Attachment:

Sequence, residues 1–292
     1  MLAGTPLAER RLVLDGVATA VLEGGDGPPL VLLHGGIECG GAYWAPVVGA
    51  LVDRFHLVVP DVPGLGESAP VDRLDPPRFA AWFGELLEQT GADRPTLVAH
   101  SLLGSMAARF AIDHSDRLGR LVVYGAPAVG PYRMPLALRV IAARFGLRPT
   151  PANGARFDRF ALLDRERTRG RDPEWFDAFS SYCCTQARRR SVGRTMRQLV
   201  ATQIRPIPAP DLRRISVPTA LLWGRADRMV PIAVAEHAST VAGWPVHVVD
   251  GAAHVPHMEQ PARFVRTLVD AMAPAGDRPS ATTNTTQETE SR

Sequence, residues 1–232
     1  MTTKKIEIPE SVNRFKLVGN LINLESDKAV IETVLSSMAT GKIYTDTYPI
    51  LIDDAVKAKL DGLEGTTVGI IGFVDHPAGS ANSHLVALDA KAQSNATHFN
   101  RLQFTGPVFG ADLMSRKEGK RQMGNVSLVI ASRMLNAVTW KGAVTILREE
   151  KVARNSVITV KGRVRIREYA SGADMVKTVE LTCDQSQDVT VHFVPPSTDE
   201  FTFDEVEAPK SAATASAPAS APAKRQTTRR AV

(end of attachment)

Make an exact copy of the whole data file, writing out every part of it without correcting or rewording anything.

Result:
Sequence, residues 1–292
     1  MLAGTPLAER RLVLDGVATA VLEGGDGPPL VLLHGGIECG GAYWAPVVGA
    51  LVDRFHLVVP DVPGLGESAP VDRLDPPRFA AWFGELLEQT GADRPTLVAH
   101  SLLGSMAARF AIDHSDRLGR LVVYGAPAVG PYRMPLALRV IAARFGLRPT
   151  PANGARFDRF ALLDRERTRG RDPEWFDAFS SYCCTQARRR SVGRTMRQLV
   201  ATQIRPIPAP DLRRISVPTA LLWGRADRMV PIAVAEHAST VAGWPVHVVD
   251  GAAHVPHMEQ PARFVRTLVD AMAPAGDRPS ATTNTTQETE SR

Sequence, residues 1–232
     1  MTTKKIEIPE SVNRFKLVGN LINLESDKAV IETVLSSMAT GKIYTDTYPI
    51  LIDDAVKAKL DGLEGTTVGI IGFVDHPAGS ANSHLVALDA KAQSNATHFN
   101  RLQFTGPVFG ADLMSRKEGK RQMGNVSLVI ASRMLNAVTW KGAVTILREE
   151  KVARNSVITV KGRVRIREYA SGADMVKTVE LTCDQSQDVT VHFVPPSTDE
   201  FTFDEVEAPK SAATASAPAS APAKRQTTRR AV